Contrary to what naive observers might believe, the prestigious French sporting newspaper L'Equipe surely did not dream up, in one way or another, the story about Ian Thorpe. What happened was quite ordinary from a journalistic viewpoint. The information behind the story was leaked to the newspaper by an unknown source, whose identity we may never know. Everyday journalism in many domains depends heavily upon leaks. In the case of a serious and time-honored newspaper such as L'Equipe, one would normally expect that they only print leaked information from reliable sources. So, it would be foolish to insinuate that L'Equipe might have invented their information about Ian Thorpe.
Richards Ings, chairman of ASADA [Australian Sports Anti-Doping Authority], spoke this afternoon to a Sydney radio station on the event referred to by L'Equipe, which stems from a urine test in May 2006. Although nothing has been asserted yet on this question by the WADA [World Anti-Doping Agency], it appears perfectly feasible for L'Equipe to imagine that Ian Thorpe's raised testosterone levels might have been unacceptable... which is all—no more and no less—that the newspaper claimed. The world swimming body FINA [Fédération internationale de Natation] would appear to know that a Thorpe affair has indeed been simmering, because they have apparently called upon the CAS [Court of Arbitration for Sport] to evaluate the situation. In doing so, FINA did not reveal explicitly the name of the swimmer in question. Finally, the only real scoop created by the leak to L'Equipe concerns the identity of the implicated swimmer: Ian Thorpe.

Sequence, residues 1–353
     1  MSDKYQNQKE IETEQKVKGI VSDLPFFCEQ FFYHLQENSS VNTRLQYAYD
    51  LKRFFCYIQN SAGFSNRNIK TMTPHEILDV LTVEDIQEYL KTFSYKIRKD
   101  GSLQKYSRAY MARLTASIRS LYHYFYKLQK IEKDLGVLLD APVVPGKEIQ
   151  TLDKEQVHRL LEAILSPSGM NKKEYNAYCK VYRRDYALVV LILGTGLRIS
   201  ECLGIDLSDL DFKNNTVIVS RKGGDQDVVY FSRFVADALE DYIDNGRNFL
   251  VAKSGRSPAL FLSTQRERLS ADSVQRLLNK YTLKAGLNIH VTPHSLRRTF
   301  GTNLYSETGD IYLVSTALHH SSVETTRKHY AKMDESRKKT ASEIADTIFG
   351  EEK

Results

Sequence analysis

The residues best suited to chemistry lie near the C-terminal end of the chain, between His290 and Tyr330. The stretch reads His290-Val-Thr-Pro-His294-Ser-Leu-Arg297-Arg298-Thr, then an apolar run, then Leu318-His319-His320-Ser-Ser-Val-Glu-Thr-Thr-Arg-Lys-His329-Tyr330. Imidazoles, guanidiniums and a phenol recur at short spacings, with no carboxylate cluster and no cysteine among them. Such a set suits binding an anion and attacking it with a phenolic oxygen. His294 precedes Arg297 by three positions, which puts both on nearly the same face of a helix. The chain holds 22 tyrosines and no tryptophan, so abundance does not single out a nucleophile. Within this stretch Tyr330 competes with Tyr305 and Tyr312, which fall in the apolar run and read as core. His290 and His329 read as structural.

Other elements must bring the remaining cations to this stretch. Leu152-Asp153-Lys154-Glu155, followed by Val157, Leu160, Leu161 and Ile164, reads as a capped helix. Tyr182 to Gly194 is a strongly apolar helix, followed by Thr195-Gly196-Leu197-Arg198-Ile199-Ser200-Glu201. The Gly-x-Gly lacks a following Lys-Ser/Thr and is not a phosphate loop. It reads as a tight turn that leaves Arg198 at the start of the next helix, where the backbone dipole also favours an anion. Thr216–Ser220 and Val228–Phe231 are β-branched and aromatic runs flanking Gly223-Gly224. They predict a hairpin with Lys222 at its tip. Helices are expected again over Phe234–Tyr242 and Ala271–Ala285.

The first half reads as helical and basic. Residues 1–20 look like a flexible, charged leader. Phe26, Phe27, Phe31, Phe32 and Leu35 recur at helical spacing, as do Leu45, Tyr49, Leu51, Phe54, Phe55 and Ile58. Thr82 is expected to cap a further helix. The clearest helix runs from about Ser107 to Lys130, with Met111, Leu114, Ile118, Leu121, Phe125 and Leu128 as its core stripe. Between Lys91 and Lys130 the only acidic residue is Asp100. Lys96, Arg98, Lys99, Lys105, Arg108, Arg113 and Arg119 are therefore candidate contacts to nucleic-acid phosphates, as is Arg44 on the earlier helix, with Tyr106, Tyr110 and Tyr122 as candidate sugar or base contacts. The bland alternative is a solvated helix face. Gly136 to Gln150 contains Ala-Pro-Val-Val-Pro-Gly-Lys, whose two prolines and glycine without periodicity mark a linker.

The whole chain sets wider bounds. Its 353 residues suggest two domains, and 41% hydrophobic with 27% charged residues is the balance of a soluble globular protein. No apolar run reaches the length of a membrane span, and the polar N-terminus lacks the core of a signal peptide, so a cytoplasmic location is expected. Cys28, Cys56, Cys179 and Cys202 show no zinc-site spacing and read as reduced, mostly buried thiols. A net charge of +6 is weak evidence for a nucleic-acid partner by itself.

Is there any point in trying to determine the precise source of the leak, maybe in the hope of taking legal action against either the leaker or the newspaper that published the leak, or both? I don't think so. Good journalists, like good detectives, don't normally reveal the identity of their sources. One would suspect, though, that the leaker was probably somebody with French links... As far as the newspaper is concerned, is it really a crime to print leaked information?